As I told you yesterday, I’m reading Shonda Rhimes’ memoir, “Year of Yes,” in which she chronicles her year of doing all the things that scare her; the things she used to automatically say “No” to. I like it so far; it’s a good, quick read that leaves you feeling like Stuff is actually Possible.

I was struck by one passage where she describes talking to her hairdresser about her childhood obsession with making her hair look like Whitney Houston’s:

“I spent an hour every single morning of all four years of high school trying to get my hair to look exactly like Whitney Houston’s. Hours and hours of my life given over to a hot curling iron and a bottle of hair spray and burned fingertips. To me, Whitney’s hair was the definition of flawless…

…I casually mentioned to my hairdresser how much I’d loved [Whitney’s] hairstyle in high school and then spun my story of my morning Whitney ritual…My hairdresser was still wiping the tears of laughter from her face when she said it.

‘Girl’ – she shook her head – ‘you know that was a wig she had on, right?’

I did not hear another word she said. I was lost, thinking of the hours of wasted time and the gallons of wasted hair spray. I relived the inevitable misery, the feeling of failure and insecurity that came every morning when my hair wouldn’t do what I was trying to bully it into doing.

And if I had known…if I had just been told…no matter how hard I worked, my hair was NEVER going to look like that…

If I had only known that not even Whitney’s hair could look like that…”

Who here hasn’t found themselves in a similar situation? I remember doing a home fitness program that promised you’d lose inches and pounds in just thirty days. I followed it religiously. I followed the nutrition program to a T. I wanted a cupcake SO BAD. But I stayed strong and I did the workouts and I truly believed that my body would change. Mr. E took my “before” pictures and even my measurements, using the little measuring tape that came in the package; wrapping it around my arms, legs, waist, hips, bust. I willed it to work.

Day 30 came, and I stood there as Mr. E took my measurements again. They hadn’t budged. Not one bit. By the time he’d finished with my bust, waist, and arms, and started to wind that blasted tape around my thighs, I suddenly collapsed into tears.

“It’s not working. It’s not working. It’s not working.” That was all I could say. Increased strength, energy level, healthy insides be damned – as far as I was concerned, I was fat fatty fat fat and that was all that mattered. I didn’t look like the people on the DVDs and I was a complete and utter failure. All in the blink of an eye, in the time it took for the measuring tape to fall from Mr. E’s hands as he rose to envelop me in a comforting embrace.

What I didn’t know then was that the people on the workout DVDs were most likely life-long athletes, or at the very least were blessed with the right genetic combinations to make them ideal for this fitness program. They had most likely starved themselves in the weeks prior to the shoot; they probably took supplements to get “shredded” and had an entire team of make-up, wardrobe, and lighting specialists to make them look…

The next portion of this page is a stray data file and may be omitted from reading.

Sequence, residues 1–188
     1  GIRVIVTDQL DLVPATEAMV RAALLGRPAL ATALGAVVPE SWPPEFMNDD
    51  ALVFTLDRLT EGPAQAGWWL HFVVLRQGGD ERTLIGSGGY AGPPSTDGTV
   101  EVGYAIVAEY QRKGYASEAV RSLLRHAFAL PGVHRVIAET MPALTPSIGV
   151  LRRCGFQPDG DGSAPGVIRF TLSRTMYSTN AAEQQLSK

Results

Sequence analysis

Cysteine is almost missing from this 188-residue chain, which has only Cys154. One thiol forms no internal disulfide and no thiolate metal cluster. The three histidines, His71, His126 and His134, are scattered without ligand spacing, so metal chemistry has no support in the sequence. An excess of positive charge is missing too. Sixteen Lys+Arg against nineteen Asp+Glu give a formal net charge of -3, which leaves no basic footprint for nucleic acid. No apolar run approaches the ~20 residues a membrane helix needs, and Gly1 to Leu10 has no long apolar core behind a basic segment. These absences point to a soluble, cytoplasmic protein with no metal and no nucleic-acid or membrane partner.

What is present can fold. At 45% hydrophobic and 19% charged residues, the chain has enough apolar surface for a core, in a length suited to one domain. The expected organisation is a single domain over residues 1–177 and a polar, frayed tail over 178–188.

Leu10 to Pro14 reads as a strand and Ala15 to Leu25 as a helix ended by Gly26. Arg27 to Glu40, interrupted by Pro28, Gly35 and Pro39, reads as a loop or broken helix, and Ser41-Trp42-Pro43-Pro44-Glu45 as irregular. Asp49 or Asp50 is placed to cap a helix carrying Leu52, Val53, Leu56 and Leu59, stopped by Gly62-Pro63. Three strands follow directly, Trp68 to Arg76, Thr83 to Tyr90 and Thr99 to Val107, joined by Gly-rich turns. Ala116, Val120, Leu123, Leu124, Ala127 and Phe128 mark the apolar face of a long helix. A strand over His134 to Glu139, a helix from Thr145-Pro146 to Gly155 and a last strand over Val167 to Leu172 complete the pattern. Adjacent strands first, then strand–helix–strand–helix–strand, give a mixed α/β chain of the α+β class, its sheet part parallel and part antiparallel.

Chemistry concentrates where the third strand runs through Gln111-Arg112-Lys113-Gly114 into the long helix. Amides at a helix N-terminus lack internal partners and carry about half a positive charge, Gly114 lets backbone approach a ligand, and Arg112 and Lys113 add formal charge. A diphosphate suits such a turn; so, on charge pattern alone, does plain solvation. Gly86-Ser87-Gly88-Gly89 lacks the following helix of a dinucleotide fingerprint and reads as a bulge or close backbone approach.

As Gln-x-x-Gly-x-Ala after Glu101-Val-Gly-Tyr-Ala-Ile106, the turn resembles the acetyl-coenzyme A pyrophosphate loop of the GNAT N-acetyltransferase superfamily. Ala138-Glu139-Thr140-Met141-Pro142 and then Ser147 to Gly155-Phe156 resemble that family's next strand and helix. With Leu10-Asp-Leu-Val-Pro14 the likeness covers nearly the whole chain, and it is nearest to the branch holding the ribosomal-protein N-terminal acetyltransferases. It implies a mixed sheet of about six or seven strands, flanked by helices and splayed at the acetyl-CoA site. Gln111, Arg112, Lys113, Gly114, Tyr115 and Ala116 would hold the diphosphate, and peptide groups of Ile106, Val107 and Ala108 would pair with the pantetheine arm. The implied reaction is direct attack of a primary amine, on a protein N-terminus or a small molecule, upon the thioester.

Perfect.

But I thought that all I had to do was move my body in a certain way and put specific things on my plate and all the fat would melt off and I would be Perfect too.

But what the heck is Perfect, anyway?

If I move my body every day and fuel it with good, wholesome food (and the occasional burrito) and get plenty of sleep and release my stress properly and STILL have size 16 dresses hanging in my closet and dimples all over my thighs, does that make me a failure?

I certainly hope not. But you wouldn’t know that looking at most of the covers of magazines or most of the people on luxuriously red carpets or most of the faces that swish by on your Facebook feed. The thin people with the gorgeous hair and flawless skin and pristinely aligned teeth. The people who (reminder) only look like that because professional magicians have made it so.

We’ve been commanded to aspire to look like people that don’t even really look like themselves.

Which takes us back to me several years ago, crumbled in my husband’s arms because I did everything Right and still could not achieve Perfection.

Well, screw perfection.

I am thirty-four years old. I have wrinkles and sun spots on my face. I have wide hips that have been known to accidentally check my husband into the next room if we bump into each other suddenly. My thighs make a ridiculously loud clapping sound if I dance too vigorously in the nude (which I do, thankyouverymuch). My bottom front teeth are crooked, despite years of retainers and braces. My boobs have never been, and will never be, perky. I have a permanent indentation in my midsection from years of wearing jeans that were too tight – it’s like when you tie a rope around a tree and it continues to grow around it.

I am far from Perfect.

So I am free.

Join me.